Can artificial intelligence and machine learning create good music? “[G]iving machines a creative voice, literal inspiration… that is a much slipperier problem, tougher to program, than making them talk. To hone in on the luminous stuff coming out of a mouth or an instrument, to capture the sounds themselves, let alone ones abiding by their own internal logic and order — what’s the math for that? Where do the notes stop and the music begins?” The drum machine analogy is particularly illuminating.
Cubans barely have internet access they do have access to a service that rivals Netflix. “‘El Paquete Semanal’ (the Weekly Package) is a weekly trove of digital content — everything from American movies to PDFs of Spanish newspapers — that is gathered, organized, and transferred by a human web of runners and dealers to the entire country. It is a prodigious and profitable operation.”
Nathaniel Valle sings the praises of Daniel Tiger’s Neighborhood. “In less than thirty minutes, Daniel Tiger presents a model of living that’s about toddlers, learning as a family, and how songs help us process emotions and identity. But just as important is the way the show speaks to parents, acknowledging how we’ve learned to be good neighbors and the responsibility we have to model those lessons to our children.”
Though it’s the most famous, Tolkien’s Lord of the Rings wasn’t the first epic fantasy novel. “The late nineteenth and early twentieth century in particular saw a boom in fantastical fiction. In between the gothic literature of writers like Bram Stoker and the pulp fiction of Robert E. Howard and Clark Ashton Smith, came a wave of strange literature inspired by fairy tales, dreams, and fantastic imaginations.”
Matthew Gunn considers an approach to apologetics inspired by the classic Rurouni Kenshin animé series. “If Rurouni Kenshin — which failed on several occasions to show that it actually knew the core beliefs of the Christian faith — can still manage to understand itself, the story it wants to tell, and respect its viewer, maybe we as Christian creators need to reconsider how we are presenting an infinitely more valuable message.”
ScreenAnarchy’s Ard Vijn wishes there were more animé series for adults. “My high-school days are far behind me, and that section of my life doesn’t need to be revisited all that often. But so many [animé series] focus exclusively on teenagers, high-schoolers and students. Young love, growing up, graduating and finding your way in the world, these are very valid topics of course. But surely there is more than that? What about the life-altering choices I face nowadays? What about being a parent? Facing re-employment? Changing relationships?”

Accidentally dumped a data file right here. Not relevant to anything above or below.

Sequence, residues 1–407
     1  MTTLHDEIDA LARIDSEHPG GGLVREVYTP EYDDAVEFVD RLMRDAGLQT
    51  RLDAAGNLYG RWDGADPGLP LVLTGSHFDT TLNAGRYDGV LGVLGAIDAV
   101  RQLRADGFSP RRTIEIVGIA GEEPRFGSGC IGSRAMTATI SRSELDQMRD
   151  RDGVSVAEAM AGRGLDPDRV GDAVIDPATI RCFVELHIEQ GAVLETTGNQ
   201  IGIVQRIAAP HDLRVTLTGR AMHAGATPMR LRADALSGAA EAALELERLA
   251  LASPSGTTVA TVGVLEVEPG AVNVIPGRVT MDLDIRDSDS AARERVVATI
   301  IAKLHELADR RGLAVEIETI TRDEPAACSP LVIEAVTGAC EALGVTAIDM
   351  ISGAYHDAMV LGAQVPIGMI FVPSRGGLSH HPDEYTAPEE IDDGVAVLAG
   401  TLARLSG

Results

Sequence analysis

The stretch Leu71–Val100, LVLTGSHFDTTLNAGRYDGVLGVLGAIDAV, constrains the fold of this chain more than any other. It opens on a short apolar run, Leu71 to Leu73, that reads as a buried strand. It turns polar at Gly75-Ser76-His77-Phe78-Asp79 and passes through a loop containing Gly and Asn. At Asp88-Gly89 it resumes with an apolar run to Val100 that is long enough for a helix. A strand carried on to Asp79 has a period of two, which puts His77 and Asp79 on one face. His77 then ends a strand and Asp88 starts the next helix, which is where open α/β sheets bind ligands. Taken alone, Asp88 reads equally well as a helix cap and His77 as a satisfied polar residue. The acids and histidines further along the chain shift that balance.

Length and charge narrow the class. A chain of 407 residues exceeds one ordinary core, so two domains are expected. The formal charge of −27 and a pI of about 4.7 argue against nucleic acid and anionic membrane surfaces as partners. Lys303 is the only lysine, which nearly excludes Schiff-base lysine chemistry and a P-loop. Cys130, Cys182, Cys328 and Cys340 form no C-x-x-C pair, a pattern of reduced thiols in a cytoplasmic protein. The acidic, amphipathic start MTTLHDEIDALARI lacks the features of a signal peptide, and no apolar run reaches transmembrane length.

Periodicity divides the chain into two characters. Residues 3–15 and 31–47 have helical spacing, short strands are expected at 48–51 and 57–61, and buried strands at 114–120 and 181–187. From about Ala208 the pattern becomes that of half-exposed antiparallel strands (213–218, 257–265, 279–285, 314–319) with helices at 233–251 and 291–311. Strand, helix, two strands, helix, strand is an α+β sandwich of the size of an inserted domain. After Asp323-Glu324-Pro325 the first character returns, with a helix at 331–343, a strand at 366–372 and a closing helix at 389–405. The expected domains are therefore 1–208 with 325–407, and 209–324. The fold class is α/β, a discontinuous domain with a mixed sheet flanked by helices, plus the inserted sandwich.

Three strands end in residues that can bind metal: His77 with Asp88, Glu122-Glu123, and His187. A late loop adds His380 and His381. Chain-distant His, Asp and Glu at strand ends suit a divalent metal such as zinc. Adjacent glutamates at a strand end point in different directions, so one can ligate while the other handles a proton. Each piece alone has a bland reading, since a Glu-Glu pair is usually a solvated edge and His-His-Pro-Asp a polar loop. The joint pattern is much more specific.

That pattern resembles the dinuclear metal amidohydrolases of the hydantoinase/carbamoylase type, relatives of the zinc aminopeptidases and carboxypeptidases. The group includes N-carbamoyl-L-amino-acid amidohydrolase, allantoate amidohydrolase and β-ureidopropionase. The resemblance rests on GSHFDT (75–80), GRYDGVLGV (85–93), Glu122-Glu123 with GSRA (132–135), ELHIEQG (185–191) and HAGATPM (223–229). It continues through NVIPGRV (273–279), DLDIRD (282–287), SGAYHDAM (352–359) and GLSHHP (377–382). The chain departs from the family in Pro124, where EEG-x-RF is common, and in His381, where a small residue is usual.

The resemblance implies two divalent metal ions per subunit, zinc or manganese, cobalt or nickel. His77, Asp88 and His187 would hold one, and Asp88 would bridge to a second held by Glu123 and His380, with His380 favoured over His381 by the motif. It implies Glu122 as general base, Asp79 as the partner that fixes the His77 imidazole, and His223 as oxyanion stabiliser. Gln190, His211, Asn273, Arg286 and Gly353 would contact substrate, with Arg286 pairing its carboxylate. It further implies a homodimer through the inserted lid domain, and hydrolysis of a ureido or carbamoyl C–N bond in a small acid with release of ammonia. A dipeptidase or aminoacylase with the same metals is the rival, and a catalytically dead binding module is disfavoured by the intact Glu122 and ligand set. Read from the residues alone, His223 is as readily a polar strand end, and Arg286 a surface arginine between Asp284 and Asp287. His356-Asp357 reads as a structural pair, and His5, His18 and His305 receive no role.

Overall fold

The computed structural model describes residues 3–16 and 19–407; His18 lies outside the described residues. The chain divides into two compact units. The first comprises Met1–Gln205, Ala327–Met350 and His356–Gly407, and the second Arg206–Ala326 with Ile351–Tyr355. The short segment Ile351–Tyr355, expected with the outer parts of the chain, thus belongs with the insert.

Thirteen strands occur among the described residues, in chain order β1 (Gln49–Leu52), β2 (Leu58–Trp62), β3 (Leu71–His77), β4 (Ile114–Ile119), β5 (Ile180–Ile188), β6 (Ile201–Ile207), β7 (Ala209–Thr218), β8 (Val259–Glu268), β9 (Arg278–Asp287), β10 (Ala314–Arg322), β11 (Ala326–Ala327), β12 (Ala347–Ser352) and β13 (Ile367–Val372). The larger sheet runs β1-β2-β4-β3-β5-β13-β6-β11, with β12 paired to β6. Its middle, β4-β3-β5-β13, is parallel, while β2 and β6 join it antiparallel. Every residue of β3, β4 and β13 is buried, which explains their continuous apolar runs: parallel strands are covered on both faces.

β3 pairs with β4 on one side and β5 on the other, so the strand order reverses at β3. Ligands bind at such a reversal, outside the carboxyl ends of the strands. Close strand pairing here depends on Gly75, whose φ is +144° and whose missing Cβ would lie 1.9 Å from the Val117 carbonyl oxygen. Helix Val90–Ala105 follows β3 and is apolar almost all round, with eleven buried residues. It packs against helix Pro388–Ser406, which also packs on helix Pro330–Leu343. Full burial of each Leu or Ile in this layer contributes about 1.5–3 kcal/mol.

I generally like Ben Sasse but I’ve also grown increasingly ambivalent due to his voting record. Hence, I really appreciated the points that Jake Meador makes in his recent piece re. Sasse, civil society, and Nebraska politics. “This, of course, is precisely what is so odd about Sasse and [Utah senator Mike Lee]. If they were just garden variety GOP apparatchiks… well, why talk about civil society so much? Why criticize the president so much? Certainly one plausible answer is ‘chase that #maverick brand that John McCain is going to pass on to someone.’ But I don’t think it’s the only plausible answer, nor do I think it fully explains what either of them have done during their time in public life.”
Right-wing outrage over the recent performance of Julius Caesar reveals a fundamental (and ironic) misunderstanding of Shakespeare’s play. “Julius Caesar is a political play, one that plumbs the uneasy relationship between power and populism, as well as the conflicts that arise between personal relationships and loyalty to country. It even explores the pitfalls of various forms of government, from democracy’s potential for mob rule manipulated by showy speakers to the potential for personal power seeking in a republic to the dangers of iron-fisted, people-crushing authoritarian rule.”